Heatherwick Studio's Little Island mixes park and pier on the Hudson
Heatherwick Studio's highly anticipated Little Island has finally opened in the Big Apple. The project is an interesting blend of a pier and public park that's raised above the Hudson River on concrete piles and includes trees and shrubs, winding pathways, and performance spaces.
Little Island, which also involved Signe Nielsen of MNLA on landscaping duties and Arup handling engineering, was largely privately funded by the Diller – von Furstenberg Family Foundation and is part of the Hudson River Park. Heatherwick Studio was commissioned to create a simple pavilion for a new waterfront extension, but the designer drew inspiration from existing wooden piles on the site from an old dilapidated pier and decided on something more radical instead.
"Rather than creating another flat jetty, the pier could become a new piece of topography, rising and falling to shape a variety of spaces and functions – even performance spaces," explains the firm. "The idea of raising the park on its foundations came from the existing wooden piles in the water. The piles have become an important habitat for marine life and are a protected breeding ground for fish. The height of the piles varies to create the contours of the new landscape. The corner of the pier is lifted to allow sunlight to reach the marine habitat, and the edge falls to define hills, viewpoints and to carve out a natural amphitheater for performances. In this way, the pier and its supporting structure are one."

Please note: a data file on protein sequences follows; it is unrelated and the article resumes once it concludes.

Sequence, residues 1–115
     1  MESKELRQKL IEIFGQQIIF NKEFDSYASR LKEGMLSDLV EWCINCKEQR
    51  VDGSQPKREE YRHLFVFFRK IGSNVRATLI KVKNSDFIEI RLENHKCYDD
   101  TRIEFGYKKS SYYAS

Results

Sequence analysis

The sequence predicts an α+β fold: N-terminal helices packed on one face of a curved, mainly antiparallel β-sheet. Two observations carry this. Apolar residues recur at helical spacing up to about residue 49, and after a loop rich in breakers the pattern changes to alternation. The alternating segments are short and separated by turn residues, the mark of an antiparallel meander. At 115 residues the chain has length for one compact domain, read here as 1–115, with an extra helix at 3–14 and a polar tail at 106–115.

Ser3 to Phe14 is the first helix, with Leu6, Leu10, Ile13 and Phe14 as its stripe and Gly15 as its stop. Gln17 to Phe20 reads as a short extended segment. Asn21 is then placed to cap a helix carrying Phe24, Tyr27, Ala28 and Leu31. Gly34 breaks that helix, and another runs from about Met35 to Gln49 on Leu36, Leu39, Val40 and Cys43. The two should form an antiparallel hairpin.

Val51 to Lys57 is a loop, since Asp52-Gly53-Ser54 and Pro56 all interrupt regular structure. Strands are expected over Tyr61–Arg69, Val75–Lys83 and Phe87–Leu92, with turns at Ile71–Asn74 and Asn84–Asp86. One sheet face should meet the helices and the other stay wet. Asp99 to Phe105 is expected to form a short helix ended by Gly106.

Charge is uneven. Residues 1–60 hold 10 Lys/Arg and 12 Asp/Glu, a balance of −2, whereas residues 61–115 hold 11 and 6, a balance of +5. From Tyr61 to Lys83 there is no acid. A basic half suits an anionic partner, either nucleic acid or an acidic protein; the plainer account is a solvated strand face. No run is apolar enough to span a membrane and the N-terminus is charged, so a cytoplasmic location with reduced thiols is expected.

Little Island measures 11,000 sq m (118,000 sq ft) and consists of 280 concrete piles that are installed next to the many leftover wooden piles of the previous pier structure. The concrete piles are driven down to a maximum of 200 ft (60 m) into the rock bed below to ensure stable support of 132 concrete "Tulips." These in turn make up the structure of the park and support soil, gravel and geofoam (polystyrene blocks used in construction). Between March and December, 2020, over 66,000 bulbs and 114 trees were planted, some of which will grow to a height of 60 ft (18 m).
Access is gained by two bridges from the shore and the new space hosts winding paths and grassy areas for visitors to sit and enjoy the view. It also contains three performance spaces: an acoustically optimized 700-seat amphitheater, a smaller 200-seat spoken-word stage, and a flexible venue with a capacity of 3,500 at the center. It's now open and is free to visit. The organizers promise that most performances held there will be free or at least very low cost and upcoming events include a ballet and an orchestra performance, as well as artist workshops and more.
Heatherwick Studio has been on superb form lately and also completed another eye-catching project nearby named the Vessel.